Cerebrospinal fluid biomarkers for Alzheimer's disease in Down syndrome

Alain D. Dekker, Juan Fortea, Rafael Blesa, Peter P. De Deyn*

*Corresponding author for this work

Research output: Contribution to journalArticleAcademicpeer-review

18 Citations (Scopus)
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Abstract

Down syndrome (DS), present in nearly six million people, is associated with an extremely high risk to develop Alzheimer's disease (AD). Amyloid-β and tau pathology are omnipresent from age 40 years onward, but clinical symptoms do not appear in all DS individuals. Dementia diagnostics is complex in this population, illustrating the great need for predictive biomarkers. Although blood biomarkers have not yet proven useful, cerebrospinal fluid (CSF) biomarkers (low amyloid-β42, high t-tau, and high p-tau) effectively contribute to AD diagnoses in the general population and are increasingly used in clinical practice. Surprisingly, CSF biomarkers have been barely evaluated in DS. Breaking the taboo on CSF analyses would finally allow for the elucidation of its utility in (differential) diagnoses and staging of disease severity. A sensitive and specific biomarker profile for AD in DS would be of paramount importance to daily care, adaptive caregiving, and specific therapeutic interventions.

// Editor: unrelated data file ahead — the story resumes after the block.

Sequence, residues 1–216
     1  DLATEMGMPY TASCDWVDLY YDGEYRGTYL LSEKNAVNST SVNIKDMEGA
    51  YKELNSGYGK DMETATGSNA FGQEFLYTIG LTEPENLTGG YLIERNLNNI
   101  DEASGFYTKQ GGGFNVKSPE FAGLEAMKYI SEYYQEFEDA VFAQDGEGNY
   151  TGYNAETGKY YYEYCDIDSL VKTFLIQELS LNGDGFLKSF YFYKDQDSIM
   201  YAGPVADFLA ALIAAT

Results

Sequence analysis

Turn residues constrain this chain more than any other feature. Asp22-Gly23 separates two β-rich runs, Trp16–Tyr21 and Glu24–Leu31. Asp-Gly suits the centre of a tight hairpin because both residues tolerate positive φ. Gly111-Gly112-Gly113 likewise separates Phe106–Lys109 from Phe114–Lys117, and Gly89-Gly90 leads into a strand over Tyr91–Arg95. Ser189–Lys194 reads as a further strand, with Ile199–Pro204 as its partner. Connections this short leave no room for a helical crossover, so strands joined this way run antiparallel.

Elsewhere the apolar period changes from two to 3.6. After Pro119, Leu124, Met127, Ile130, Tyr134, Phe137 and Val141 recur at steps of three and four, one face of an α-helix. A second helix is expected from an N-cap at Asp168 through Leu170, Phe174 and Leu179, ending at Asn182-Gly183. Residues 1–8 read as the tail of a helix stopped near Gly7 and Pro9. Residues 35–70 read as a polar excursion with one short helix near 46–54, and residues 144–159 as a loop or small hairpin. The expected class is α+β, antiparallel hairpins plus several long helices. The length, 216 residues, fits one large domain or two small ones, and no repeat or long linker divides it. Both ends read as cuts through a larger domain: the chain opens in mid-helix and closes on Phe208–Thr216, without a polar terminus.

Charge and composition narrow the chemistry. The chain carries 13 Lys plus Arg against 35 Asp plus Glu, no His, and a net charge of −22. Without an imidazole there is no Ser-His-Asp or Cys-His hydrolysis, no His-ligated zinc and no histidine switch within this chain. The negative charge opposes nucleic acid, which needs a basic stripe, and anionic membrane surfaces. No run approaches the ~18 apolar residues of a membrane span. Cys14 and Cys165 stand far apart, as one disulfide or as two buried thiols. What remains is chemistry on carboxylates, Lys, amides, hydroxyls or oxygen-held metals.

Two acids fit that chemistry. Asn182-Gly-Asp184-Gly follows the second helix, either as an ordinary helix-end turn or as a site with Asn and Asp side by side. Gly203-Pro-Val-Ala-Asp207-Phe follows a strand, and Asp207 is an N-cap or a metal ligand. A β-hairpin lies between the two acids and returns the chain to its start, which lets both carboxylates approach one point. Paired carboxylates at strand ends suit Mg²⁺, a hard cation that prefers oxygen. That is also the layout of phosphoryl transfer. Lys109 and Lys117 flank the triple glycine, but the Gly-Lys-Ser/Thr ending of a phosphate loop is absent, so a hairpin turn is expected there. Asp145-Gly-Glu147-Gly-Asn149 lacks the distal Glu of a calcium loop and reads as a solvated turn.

Original languageEnglish
Pages (from-to)1-10
Number of pages10
JournalAlzheimer's and Dementia: Diagnosis, Assessment and Disease Monitoring
Volume8
DOIs
Publication statusPublished - 1-Jan-2017

Keywords

  • Alzheimer's disease
  • Biomarkers
  • Cerebrospinal fluid
  • Dementia
  • Down syndrome

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